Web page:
Title: About the goals of atheism
Author: Dmitry Mrachnik
Date: 16 May 2018
Source: Retrieved on 5th February 2022 from www.nihilist.li

Atheism is often perceived as the absence of god and other otherworldly forces in the system of human values. Indeed, atheists differ little from religious people, except for the absence in their lives, in fact, of a religious component. They do not believe in sacred covenants, do not subordinate their lives to traditions, do not practice rituals, preferring to live by their own truth, that can be completely different for different atheists. At the same time, there is no generality of views of atheists — at least, few of them are engaged in the development of the concept of life without god and unification around this goal. In most cases, atheism reduces personal choice and does not go into the social plane.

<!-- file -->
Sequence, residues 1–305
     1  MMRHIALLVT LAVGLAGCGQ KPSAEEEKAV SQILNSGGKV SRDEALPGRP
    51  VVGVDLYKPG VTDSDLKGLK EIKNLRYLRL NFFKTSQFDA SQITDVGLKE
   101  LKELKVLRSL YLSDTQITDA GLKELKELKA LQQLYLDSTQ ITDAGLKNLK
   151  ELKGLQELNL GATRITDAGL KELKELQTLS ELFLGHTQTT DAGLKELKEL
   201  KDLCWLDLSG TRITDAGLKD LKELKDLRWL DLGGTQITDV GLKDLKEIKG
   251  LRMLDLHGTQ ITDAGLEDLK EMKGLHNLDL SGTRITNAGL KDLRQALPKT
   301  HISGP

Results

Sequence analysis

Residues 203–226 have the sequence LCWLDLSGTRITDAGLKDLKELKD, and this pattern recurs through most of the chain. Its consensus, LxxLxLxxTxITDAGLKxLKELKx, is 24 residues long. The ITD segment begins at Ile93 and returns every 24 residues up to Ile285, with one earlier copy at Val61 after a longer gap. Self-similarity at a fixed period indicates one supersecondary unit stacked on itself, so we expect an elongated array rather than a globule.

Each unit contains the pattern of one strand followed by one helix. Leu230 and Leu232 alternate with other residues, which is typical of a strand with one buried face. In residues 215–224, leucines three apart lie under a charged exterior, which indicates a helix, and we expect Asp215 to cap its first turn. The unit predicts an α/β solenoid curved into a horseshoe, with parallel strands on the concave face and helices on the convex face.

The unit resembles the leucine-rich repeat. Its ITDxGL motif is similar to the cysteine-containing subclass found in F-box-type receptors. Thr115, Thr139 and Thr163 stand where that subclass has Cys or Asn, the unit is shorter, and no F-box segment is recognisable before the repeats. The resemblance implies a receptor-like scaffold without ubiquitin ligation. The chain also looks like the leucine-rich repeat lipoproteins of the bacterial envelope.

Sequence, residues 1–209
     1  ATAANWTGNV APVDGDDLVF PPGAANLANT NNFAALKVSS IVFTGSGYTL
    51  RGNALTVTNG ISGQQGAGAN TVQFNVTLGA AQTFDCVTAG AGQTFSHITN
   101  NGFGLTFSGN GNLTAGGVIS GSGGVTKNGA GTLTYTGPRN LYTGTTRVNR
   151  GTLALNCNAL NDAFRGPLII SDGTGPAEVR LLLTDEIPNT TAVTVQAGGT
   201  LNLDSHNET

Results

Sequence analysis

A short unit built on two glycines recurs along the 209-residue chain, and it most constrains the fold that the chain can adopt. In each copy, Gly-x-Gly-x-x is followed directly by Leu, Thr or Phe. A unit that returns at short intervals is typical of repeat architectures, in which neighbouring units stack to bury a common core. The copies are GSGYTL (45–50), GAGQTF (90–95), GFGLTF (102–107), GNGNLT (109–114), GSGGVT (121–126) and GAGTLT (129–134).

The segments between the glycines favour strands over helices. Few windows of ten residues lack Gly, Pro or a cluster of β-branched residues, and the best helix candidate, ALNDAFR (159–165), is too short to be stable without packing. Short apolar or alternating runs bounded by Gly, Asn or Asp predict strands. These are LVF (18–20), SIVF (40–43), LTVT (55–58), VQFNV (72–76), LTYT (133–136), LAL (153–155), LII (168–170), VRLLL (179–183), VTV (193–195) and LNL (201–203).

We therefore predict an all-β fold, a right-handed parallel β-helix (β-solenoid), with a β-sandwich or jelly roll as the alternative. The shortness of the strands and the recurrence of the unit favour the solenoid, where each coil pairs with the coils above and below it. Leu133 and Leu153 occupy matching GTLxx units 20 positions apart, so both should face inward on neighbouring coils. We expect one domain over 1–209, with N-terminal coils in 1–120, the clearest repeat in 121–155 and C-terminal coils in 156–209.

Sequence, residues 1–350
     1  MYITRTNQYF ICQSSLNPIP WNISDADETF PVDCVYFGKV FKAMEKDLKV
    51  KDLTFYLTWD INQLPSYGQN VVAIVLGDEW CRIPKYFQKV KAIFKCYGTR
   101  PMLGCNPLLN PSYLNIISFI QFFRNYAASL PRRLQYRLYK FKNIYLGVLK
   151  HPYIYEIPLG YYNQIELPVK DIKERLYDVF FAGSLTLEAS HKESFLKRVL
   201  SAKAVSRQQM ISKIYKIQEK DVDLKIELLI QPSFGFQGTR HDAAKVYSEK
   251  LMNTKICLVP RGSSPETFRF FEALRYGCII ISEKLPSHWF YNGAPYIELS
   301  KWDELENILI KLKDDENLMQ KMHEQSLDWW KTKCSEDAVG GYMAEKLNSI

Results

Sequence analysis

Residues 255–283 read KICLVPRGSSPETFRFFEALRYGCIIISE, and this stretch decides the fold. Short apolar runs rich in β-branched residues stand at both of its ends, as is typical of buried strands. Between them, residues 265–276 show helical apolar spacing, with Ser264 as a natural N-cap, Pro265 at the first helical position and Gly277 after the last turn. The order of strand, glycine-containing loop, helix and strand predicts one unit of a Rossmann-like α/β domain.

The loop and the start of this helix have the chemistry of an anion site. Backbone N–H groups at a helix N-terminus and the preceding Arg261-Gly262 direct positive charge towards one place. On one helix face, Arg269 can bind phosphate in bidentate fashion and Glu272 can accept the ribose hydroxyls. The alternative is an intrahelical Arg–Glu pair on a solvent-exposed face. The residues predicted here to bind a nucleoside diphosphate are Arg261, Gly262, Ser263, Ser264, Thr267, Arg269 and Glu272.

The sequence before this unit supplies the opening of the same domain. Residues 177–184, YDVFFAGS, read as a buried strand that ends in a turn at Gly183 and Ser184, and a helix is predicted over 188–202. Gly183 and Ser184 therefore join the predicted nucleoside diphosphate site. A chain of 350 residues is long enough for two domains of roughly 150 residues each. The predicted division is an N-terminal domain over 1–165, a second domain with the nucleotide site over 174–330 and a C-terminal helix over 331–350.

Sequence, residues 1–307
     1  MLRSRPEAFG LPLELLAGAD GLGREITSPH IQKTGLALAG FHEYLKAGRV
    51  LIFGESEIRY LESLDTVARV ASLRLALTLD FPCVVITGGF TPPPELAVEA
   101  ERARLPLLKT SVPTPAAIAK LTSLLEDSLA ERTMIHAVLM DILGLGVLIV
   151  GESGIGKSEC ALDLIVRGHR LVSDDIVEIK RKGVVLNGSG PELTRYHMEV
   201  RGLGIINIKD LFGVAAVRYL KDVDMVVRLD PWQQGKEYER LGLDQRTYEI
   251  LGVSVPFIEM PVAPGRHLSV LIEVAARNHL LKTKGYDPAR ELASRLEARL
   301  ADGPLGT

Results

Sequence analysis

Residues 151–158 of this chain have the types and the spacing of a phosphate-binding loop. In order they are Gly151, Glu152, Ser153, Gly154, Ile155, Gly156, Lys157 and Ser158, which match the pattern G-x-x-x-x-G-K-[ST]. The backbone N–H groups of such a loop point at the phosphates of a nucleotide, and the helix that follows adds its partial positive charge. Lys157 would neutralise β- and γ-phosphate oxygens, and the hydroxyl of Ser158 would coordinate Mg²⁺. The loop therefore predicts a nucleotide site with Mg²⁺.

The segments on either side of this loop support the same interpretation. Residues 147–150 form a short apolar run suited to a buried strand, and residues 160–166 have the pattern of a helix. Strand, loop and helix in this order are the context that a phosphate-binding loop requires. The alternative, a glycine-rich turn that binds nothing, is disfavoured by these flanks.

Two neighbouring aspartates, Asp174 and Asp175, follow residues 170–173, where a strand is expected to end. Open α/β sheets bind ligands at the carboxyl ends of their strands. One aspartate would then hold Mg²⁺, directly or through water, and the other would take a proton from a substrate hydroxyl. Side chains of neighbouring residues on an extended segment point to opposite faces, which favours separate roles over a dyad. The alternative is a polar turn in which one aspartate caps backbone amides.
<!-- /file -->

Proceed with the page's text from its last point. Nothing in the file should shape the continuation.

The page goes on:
Thus, an atheist may be a rich and influential person who controls other people’s destinies, as well as a recluse who tries to limit his interaction with people, or a fiery revolutionary who wants to cleanse society of injustice. It is impossible to outline any single «atheistic worldview» apart from refusing to honor the «higher forces». The nature of atheists can be completely different — the unbeliever can manifest both humanism and tolerance, as well as the extraordinary fanaticism and cruel characteristic of adherents of the most cruel religious trends.